Why are some people better at processing sounds?
St. Jude scientists identified the mechanism that gives Williams-Beuren Syndrome patients enhanced ability to discriminate between sounds as interneuron hyperexcitability in the auditory cortex.
Where does medulloblastoma come from?
St. Jude scientists found that group 3 and 4 medulloblastoma arise from the rhombic lip, which may help improve research models and therapeutic development.
What doesn’t kill cancer can make it stronger
St. Jude researchers discovered how some cancer cells survive treatment and cause cancer to recur, along with a way to stop the process.
An ounce of DNA is worth pounds of prevention in cancer survivors
St. Jude scientists found that childhood cancer survivors are at risk of obesity. They wanted a tool to identify survivors likely to become severely or “morbidly” obese as adults.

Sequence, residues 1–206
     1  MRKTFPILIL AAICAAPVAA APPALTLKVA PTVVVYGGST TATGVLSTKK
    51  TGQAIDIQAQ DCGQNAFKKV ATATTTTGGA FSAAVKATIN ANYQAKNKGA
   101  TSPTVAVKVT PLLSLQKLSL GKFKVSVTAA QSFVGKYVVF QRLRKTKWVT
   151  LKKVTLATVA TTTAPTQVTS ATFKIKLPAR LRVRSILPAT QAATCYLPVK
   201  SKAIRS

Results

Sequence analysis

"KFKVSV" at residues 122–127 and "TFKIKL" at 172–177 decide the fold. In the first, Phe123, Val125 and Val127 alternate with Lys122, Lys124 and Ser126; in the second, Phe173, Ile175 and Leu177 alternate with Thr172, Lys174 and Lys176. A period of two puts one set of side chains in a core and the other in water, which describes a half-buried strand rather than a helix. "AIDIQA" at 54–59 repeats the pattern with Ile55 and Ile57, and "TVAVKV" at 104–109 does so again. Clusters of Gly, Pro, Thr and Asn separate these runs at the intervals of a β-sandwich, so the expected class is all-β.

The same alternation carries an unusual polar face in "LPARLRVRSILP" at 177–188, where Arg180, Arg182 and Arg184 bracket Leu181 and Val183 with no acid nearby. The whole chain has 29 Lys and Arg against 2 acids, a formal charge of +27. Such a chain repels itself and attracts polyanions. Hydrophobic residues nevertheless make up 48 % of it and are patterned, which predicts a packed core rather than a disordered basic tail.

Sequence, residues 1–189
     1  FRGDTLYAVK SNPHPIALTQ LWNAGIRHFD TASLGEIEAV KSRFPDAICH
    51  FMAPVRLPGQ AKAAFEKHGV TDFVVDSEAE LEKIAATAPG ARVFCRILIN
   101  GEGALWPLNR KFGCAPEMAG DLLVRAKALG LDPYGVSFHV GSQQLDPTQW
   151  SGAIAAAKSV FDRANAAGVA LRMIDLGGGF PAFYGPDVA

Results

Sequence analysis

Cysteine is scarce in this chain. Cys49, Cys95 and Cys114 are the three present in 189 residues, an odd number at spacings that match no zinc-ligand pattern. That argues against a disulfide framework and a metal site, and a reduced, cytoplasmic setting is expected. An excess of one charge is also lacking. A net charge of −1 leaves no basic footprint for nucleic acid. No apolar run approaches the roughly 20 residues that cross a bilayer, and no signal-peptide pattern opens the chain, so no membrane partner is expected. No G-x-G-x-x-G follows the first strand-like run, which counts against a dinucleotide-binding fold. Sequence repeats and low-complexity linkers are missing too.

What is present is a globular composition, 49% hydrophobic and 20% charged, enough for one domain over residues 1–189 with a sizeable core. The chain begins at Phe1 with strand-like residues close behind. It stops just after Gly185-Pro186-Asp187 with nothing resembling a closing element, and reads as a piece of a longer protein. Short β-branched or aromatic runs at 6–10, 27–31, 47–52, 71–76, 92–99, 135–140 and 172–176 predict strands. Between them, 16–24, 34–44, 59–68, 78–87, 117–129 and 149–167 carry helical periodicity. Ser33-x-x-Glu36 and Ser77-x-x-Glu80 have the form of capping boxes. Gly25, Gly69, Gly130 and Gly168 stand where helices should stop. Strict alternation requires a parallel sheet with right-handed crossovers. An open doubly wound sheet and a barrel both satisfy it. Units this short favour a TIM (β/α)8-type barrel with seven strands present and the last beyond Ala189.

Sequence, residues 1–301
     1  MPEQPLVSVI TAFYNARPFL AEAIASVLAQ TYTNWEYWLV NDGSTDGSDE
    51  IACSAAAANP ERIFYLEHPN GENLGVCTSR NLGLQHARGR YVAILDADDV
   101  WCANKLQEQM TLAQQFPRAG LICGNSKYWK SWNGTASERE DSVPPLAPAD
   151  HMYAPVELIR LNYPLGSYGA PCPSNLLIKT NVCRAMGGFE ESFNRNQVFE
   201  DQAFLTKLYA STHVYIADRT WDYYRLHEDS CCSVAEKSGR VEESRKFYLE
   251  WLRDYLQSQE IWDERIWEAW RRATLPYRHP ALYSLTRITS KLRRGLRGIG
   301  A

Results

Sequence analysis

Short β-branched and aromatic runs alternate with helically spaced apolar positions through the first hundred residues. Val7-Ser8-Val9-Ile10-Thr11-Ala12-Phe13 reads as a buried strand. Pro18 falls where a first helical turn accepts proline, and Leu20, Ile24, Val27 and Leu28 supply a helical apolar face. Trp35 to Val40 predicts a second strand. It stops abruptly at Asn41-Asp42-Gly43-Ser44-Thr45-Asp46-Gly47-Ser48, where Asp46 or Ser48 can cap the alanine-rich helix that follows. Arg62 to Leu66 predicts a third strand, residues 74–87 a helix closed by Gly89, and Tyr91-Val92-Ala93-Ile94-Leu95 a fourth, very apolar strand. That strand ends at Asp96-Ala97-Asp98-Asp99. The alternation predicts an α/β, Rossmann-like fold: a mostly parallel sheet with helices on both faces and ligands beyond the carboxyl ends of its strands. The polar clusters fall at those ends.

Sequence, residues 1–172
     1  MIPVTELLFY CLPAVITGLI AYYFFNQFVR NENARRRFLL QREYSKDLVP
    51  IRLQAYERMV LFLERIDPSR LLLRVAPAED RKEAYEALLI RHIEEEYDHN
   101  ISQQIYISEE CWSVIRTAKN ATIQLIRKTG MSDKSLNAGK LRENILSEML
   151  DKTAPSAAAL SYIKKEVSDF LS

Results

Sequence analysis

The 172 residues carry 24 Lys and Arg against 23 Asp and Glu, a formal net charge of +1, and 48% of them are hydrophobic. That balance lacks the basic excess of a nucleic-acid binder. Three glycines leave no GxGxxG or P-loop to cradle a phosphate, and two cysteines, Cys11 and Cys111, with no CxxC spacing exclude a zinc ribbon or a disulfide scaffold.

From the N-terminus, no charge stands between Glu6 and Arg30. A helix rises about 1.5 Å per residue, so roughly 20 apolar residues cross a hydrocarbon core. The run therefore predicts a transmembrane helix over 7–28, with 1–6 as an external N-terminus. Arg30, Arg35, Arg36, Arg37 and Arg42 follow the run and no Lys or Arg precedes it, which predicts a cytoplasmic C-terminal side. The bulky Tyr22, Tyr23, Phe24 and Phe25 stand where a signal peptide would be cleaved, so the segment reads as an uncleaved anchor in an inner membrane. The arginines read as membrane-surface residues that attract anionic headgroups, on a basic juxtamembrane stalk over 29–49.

Improving memory problems in CAR T cells
St. Jude scientists identified proteins that help decide T cell fate and used the finding to improve CAR-T cell therapy in a solid tumor model.
Heterochromatin silencing is like a piano that doesn’t make a sound
St. Jude scientists have a new understanding of the pathways that contribute to this gene silencing.
What causes inactivation of an ion channel?
This the first time researchers have identified the mechanism for closed-state inactivation, and the approaches used here could be applied to other ion channels.
Understanding EZH2 inhibitor resistance
St. Jude scientists looked for resistance mechanisms in rhabdoid tumor cells and found the cells require the protein NSD1.
Scientists reveal new cause of cancer
The team looked at a poorly understood form of chronic leukemia, CLPD-NK. The results led the researchers to create a new model of cancer development.
Study shows how a potential new class of antibiotics works
Scientists at St. Jude are studying antimicrobial compounds called argyrins. Argyrins have shown some success against a bacterium called Pseudomonas aeruginosa.